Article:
Luderick bait in short supply
  |  First Published: September 2011

The most reliable fish at this time of year are luderick. Fortunately, being primarily ocean blackfish, they will take cabbage weed, as opposed to the smaller river luderick that prefer the often hard-to-obtain river weed.

Unfortunately with all the bad weather over Winter, cabbage weed has also been sparse because the big swell smashes it off the rocks.

With a bit more effort, though, cabbage can be found on most ocean rock platforms. You’ll need a bucket of sand as well, which is mixed with some chopped cabbage weed and used for berley.

Blackfish are possibly one of the most reliable species found in Sydney Harbour. They can be successfully targeted all year round but we tend chase them more in the cooler months because our main focus in Summer is kings.

Blackfish are found throughout the system, from the Heads right through the freshwater reaches. I’ve even seen them in pure fresh water in the headwaters of Middle Harbour.

Although they are obviously exactly the same species, blackfish often get categorised into river blackfish and ocean blackfish.

River blackfish are generally smaller, darker fish found in the upper reaches. They usually don't exceed about 500g and therefore require a scaling down in tackle compared with that used to catch their much larger ocean brothers.

Rods still need to be long but are of lighter construction.

There are a couple of reasons for the long rods for blackfish.

They are required to lift the belly of line that often forms between the rod tip and the float, and they must also cushion against the fish’s numerous powerful lunges and avoid pulling the tiny hook from luderick’s small mouth.

Quill floats are far more efficient than the heavy, long-stemmed floats used for the ocean fish. A No 10 or 8 Mustad sneck hook, in green, completes the rig.

River weed, the hair-like weed found in the brackish reaches, is the preferred bait for river blackfish.

Some of the better spots in the Harbour include; Greenwich, Long Nose Point, Lane Cove River, Blues Point, Balls Head, Valentia Street wharf and the wall near Luna Park. In Middle Harbour, Roseville, Killarney Point, Spit Bridge and Beauty Point are the pick.

The lower Harbour has a number of spots that attract some quality ocean blackfish.

These fish are in the same class as the fish you would expect to find off the ocean rocks. Averaging around a kilo, they are much lighter in colour with prominent bands running down their bodies.

They are found in much rougher country so the tackle must be scaled up a bit.

Rods are slightly heavier in the butt and 4kg to 5kg line is more appropriate.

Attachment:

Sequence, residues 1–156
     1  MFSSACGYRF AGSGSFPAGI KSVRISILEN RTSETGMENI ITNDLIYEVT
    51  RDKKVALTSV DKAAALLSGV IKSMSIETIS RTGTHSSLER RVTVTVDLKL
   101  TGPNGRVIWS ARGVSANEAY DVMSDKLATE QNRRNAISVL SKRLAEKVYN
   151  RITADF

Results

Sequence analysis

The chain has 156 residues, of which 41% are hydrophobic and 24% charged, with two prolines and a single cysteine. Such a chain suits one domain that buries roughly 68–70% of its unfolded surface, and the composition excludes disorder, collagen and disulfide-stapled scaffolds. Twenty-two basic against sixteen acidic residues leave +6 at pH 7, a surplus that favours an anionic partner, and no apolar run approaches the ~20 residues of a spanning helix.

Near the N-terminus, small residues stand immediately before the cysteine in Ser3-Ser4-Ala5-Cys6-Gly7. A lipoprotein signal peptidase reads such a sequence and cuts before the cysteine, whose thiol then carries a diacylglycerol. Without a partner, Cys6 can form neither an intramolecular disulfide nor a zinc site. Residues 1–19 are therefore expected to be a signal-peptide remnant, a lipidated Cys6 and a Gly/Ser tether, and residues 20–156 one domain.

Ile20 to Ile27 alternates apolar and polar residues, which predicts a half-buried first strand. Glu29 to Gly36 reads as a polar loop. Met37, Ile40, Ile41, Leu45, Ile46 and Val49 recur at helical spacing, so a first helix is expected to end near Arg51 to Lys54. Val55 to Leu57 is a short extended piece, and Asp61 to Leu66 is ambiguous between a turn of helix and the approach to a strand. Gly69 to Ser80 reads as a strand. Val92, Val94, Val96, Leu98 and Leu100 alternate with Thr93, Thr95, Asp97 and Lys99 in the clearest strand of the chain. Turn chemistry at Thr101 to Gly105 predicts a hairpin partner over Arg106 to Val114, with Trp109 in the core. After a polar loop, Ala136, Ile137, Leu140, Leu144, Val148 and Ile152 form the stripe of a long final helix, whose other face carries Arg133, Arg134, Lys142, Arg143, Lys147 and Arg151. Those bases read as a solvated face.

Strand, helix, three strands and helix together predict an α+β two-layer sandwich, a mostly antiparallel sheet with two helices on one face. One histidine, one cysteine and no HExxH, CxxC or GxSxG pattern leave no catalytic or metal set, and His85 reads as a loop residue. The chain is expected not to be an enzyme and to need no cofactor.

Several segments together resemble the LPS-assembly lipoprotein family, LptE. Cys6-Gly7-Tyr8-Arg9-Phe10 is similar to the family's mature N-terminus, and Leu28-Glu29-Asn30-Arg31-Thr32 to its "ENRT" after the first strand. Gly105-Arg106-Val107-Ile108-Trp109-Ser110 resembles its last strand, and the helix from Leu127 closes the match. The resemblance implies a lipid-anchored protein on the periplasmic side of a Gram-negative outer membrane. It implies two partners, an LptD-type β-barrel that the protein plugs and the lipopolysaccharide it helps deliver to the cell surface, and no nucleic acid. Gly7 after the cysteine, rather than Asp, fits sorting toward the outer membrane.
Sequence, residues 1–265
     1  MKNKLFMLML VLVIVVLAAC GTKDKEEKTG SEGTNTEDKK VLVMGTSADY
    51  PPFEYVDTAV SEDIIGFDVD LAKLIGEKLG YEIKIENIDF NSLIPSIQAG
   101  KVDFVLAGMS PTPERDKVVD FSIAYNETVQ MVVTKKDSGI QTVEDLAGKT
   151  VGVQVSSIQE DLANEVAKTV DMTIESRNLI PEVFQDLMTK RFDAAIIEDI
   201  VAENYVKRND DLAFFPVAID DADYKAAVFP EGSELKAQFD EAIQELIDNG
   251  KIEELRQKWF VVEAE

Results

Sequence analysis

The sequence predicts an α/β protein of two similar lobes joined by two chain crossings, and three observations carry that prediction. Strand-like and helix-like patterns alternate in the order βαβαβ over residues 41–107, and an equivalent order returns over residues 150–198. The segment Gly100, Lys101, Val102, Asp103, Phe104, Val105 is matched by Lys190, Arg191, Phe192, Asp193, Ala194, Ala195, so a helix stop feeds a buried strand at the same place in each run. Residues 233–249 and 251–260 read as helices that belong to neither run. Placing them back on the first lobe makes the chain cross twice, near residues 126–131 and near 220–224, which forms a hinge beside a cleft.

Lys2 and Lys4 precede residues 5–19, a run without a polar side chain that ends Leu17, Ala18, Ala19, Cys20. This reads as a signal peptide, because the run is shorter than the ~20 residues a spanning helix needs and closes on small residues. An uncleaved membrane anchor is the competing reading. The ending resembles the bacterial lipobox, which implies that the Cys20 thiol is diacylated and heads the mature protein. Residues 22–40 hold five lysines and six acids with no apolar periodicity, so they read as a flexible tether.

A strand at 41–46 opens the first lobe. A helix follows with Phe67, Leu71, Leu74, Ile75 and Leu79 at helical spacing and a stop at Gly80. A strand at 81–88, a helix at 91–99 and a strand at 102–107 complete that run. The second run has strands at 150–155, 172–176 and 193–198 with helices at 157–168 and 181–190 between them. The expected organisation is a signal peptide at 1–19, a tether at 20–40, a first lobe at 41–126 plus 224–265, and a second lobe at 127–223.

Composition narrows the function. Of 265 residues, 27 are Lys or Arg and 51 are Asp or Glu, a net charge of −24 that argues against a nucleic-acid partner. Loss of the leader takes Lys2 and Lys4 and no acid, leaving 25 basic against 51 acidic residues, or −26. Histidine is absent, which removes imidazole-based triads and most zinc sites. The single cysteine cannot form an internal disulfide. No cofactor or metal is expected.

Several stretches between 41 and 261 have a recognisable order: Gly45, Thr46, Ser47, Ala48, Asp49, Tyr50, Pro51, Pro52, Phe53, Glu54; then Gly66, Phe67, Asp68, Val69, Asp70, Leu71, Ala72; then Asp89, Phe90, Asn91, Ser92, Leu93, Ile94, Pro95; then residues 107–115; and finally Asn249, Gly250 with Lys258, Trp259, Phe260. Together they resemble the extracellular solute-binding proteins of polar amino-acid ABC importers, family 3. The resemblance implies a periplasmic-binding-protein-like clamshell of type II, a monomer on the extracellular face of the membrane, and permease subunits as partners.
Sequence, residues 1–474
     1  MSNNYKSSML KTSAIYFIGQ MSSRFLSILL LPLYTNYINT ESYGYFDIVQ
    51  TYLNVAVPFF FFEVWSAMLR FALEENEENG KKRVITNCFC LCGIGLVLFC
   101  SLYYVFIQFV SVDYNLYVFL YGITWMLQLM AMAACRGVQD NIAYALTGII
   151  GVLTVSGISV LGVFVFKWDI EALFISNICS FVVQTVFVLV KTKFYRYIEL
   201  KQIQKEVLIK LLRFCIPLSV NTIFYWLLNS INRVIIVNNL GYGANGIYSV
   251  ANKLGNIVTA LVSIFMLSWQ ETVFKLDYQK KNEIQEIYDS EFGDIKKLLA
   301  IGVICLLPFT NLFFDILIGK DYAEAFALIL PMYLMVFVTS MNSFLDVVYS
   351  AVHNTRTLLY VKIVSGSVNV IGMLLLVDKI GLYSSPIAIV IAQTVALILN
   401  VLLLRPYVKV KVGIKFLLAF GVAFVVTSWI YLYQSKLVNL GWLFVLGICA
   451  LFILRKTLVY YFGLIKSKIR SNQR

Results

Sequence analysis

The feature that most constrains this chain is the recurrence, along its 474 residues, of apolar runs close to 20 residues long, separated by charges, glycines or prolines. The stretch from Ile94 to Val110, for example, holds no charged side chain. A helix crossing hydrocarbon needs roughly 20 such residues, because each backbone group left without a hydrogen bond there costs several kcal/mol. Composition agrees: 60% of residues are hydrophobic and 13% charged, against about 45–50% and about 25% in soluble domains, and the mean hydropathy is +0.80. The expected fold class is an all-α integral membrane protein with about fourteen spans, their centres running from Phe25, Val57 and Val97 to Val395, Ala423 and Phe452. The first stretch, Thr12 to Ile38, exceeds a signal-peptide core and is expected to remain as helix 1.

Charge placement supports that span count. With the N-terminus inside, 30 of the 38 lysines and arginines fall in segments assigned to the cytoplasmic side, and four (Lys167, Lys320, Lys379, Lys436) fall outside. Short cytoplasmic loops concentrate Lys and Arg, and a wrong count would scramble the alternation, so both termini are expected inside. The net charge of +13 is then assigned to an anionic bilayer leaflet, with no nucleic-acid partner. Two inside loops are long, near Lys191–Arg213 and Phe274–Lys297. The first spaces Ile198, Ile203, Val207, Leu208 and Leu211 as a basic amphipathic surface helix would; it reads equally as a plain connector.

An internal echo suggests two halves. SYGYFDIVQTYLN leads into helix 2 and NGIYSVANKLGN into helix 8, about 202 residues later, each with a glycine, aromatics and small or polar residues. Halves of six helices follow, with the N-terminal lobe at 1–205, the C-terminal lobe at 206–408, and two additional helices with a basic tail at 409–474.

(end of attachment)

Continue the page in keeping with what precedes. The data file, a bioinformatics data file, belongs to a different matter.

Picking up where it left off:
The heavier, long-stemmed floats are used and a No 8 or No 6 hook is more suited to these larger fish.

The other main difference between these ocean fish and the river fish is the cabbage weed bait.


Control of the rig can be tricky, with light floats, long drops, wind-resistant baits and lots of sinkers to demand constant attention.

The running float rig has a float that is free to run on the line, stopped below by a split shot and above by a ‘stopper' of twine or a rubber model available at most tackle stores.

The must clamp the line tightly enough to stop the float sliding any further, yet still must be loose enough to be adjustable. It must also be compact enough to go through rod guides and cast back out again without snagging.

Some anglers add a small plastic bead between stopper and float so the stopper itself stops the bead, and the bead stops at the float eye.

With this rig you can easily adjust the depth at which the hook is suspended, yet have a rig that is easy to cast.

However, it is prone to tangling because the wind resistant bait is very close to the float during the cast and can tangle around the float.

The fixed float features split shot clamped above and below the float to restrict its movement up and down the line. The float remains at the full depth you are fishing, so it’s really only suitable for depths up to a bit more than the length of the rod.

This is much less prone to tangling during the cast. This is the method I use most often because I don’t often fish at depths below about 12’.

In both rigs the float must be weighted with split shot, sinkers, strip lead around the float stem or a combination of all these so that the cork or foam section is under water, leaving just the one-third of the stem showing.

Conditions dictate the size and weight of the float. In windy, rough water you need a big, heavy float and in calm conditions a quill float is ideal.

Reel choice is up to you. Centrepins are still used as a tradition, specialist Alvey sidecasts are good but I use threadlines because as they offer frictionless casting and line feed and can quickly pick up line belly before striking.

Luderick are top eating fish if they are bled, iced, filleted and skinned. Don’t forget to remove the black lining from the stomach.



Cabbage weed, commonly found on the ocean rocks, grows in abundance on the lower reaches of the Harbour and is therefore the obvious luderick bait in those areas.

You'll have to gather your cabbage from the ocean platforms, though, because taking anything from the intertidal zone of Sydney Harbour is prohibited.

A berley consisting of chopped weed and sand is a big advantage for river and ocean fishing.

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